Physiocrats are not much read today. This is unfortunate because many of their views have present-day relevance. Their writings were often intentionally murky and paradoxical, expressed in a form that is seldom used today, in maxims and short and at times enigmatic, sentences and in the famous Tableau economique whose overall idea is clear but details baffling. To economists today, they bring, on the one hand, common neoclassical views on freedom of trade, free circulation of labor, capital and goods (across regional lines within a single nation-state and between the countries), freedom of contract between workers and capitalists, single tax, and progressive taxation of wealth. On the other hand, they are (I think) often misunderstood to have thought that agriculture is inherently more productive than manufacturing. A much more reasonable explanation of their position is to point out that only in agriculture did an income source, the land rent, exist that could have been taxed without “creating injury” to production. It is only in that sense ---tax-yielding—that agriculture was seen as more “productive” than manufacturing. (Incidentally, similar misapprehensions exist today when manufacturing jobs are considered inherently “better”” than jobs in services.)
The part of the physiocratic doctrine which is even less studied than economics is their politics. They were defenders of absolute monarchy of a special kind. The imperial China to which Quesnay (in response to Montesquieu’s critique of China in “The Spirits of the Laws”) dedicated an entire monograph of more than 100 pages, was their ideal kingdom.
Physiocrats’ rationale is similar to that of the Chinese legalist tradition. For physiocrats it went as follows. Once the natural laws (“la loi naturelle” or even “physiocracy”, the term apparently invented by Quesnay who liked to play with Greek neologisms) that consist in personal freedom, private property and security of person, are discovered, there is not much more that a society needs to do but enforce them. It needs only two things: (1) a body of educated people who are selected according to merit and who understand the body of laws and might improve and refine it, and (2) an absolute sovereign whose role is to make sure that the laws are enforced. Most of the time, and ideally all the time, sovereign does nothing since the laws, if followed, establish that perfect equilibrium between the private and the public interest. The sovereign is at the same time the most and the least powerful person in the state. He is the most powerful because he alone can put an end to the rot if it happens that the laws are transgressed; but since the likelihood of transgression is small –given that the laws are the most rational possible—sovereign most of the time has nothing to do.
Quesnay found the then Chinese system, as known as that time in Europe, to be the closest approximation to that ideal. Unlike the French aristocracy of blood that was the body of people who interposed themselves between the sovereign and the people, the Chinese mandarinate was selected on merit. It designed the most perfect laws because it consisted of the most talented people. It goes without saying that physiocrats saw themselves in that role: as a replacement for a decadent, ignorant and indolent aristocracy. The “absolute” rule can still remain, but now it would be based on right principles and use of the right people.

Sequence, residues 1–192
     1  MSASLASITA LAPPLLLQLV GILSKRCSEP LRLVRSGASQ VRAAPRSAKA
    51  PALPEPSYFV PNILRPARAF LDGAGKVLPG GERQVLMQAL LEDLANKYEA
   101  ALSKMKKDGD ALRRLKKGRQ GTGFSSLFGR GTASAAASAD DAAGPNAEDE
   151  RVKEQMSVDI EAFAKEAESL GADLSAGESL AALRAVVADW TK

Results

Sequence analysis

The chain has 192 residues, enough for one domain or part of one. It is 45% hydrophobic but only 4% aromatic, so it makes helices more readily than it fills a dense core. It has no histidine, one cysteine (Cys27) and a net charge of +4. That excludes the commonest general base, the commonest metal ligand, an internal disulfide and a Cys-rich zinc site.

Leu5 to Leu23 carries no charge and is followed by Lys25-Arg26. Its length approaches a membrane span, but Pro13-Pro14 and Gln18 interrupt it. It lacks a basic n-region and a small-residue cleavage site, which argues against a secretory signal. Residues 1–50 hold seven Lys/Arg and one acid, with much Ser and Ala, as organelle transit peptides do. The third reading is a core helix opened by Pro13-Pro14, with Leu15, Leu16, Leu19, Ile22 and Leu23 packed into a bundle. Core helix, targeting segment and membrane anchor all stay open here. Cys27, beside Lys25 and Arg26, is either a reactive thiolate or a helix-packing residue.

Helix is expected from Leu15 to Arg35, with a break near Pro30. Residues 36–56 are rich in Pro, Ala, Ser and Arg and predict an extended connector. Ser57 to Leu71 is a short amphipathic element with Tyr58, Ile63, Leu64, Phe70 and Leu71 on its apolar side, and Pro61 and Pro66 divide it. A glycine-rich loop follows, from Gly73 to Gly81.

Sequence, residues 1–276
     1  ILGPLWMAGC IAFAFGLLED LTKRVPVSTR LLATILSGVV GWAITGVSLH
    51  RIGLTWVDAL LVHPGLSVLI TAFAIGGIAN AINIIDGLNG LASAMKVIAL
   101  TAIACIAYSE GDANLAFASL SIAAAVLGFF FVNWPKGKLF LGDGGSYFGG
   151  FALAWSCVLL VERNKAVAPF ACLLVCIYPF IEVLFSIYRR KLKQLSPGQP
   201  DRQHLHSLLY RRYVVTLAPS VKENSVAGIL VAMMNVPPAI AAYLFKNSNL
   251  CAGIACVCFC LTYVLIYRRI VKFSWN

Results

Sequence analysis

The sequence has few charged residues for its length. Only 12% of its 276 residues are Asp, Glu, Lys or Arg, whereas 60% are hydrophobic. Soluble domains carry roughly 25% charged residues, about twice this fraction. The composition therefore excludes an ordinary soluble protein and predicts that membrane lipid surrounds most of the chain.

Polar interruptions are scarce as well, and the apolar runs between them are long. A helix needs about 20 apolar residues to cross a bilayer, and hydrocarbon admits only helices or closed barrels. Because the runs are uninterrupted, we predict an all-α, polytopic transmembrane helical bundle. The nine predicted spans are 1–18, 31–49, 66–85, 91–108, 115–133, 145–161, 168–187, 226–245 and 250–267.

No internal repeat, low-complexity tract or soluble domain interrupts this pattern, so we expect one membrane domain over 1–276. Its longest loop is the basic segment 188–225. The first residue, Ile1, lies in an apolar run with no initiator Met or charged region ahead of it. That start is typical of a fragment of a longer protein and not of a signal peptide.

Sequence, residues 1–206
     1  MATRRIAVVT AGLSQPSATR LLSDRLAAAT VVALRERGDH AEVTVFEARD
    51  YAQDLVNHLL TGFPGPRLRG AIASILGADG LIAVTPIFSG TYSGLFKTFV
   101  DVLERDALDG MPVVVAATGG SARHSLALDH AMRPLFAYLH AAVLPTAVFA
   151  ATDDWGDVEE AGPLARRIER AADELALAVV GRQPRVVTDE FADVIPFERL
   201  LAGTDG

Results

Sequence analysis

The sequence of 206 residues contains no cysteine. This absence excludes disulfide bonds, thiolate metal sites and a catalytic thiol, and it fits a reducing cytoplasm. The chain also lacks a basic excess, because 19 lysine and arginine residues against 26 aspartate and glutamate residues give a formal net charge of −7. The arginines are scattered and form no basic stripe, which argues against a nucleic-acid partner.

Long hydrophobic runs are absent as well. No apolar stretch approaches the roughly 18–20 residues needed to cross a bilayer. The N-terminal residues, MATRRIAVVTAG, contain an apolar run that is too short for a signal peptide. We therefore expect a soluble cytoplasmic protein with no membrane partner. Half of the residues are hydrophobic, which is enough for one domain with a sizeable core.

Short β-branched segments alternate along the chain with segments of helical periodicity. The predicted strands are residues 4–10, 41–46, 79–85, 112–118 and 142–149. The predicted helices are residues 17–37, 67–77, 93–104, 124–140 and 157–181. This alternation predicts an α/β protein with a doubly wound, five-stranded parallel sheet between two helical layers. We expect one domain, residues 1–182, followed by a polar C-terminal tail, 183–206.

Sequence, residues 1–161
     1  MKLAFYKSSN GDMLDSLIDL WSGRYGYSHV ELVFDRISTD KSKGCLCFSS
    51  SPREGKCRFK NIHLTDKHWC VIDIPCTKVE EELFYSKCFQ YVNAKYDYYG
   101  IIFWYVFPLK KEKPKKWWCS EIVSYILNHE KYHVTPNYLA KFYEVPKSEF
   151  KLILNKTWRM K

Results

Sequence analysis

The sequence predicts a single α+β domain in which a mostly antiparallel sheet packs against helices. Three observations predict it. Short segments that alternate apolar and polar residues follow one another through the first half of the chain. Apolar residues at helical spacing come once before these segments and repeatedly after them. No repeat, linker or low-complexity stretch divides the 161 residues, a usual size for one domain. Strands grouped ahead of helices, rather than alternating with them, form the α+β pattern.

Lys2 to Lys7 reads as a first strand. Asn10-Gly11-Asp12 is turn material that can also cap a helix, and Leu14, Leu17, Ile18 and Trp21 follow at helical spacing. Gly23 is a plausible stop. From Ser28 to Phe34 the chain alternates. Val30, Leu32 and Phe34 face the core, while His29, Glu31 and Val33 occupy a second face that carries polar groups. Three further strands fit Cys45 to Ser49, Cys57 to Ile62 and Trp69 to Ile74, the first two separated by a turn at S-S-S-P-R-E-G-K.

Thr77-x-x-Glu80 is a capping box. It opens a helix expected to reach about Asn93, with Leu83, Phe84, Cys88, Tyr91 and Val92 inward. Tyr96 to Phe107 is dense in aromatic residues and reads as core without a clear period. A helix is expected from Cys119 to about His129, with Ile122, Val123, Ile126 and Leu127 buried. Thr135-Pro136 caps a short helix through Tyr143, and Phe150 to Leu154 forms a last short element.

As Quesnay says at the introduction on his treatise on China entitled “Despotism of China”, the term “despotism” has two meanings. The first is unchecked or absolute power within the law and used to make sure the laws are respected, the second is unchecked and arbitrary personal rule. Under the first title, despotism is fully legal (since based on the enforcement of legality) and legitimate, under the second, illegitimate:
Despot means MASTER or LORD: this title can therefore be applied to sovereigns who exercise absolute power regulated by laws, and to sovereigns who have usurped arbitrary power which they exercise for good or evil over nations whose government not is not regulated by fundamental laws. There are therefore legitimate despots and arbitrary and illegitimate despots.
Democracy, defined as the selection of rulers by the ruled, has no place in the physiocratic system. It is entirely redundant. It is not clear what its role would be (had they ever envisaged it): perhaps only to mess up the perfect principles of the natural law.
The relevance of physiocrats’ thought is obvious when we consider today’s Chinese system. Formally speaking, it is similar to the system Quesnay described. An absolute sovereign is selected from within the ruling group, and the legitimacy of his rule is reflected in the excellence of the laws and the quality of the body of people who implement these laws. The quality of the social system is therefore judged by its performance. The key part of that performance -and physiocrats were in this the precursors of what we consider today a “normal view”—is how fast economic abundance is increasing for the majority of the population. If people are getting steadily richer, there is little or nothing to change in the laws. And therefore nothing for the mandarinate or sovereign to do.
The system is, like any person, judged based on its performance, not on the technical ways its rulers have been selected, how strong is the state, or any other “extraneous” objective. It is the rule “for the people.”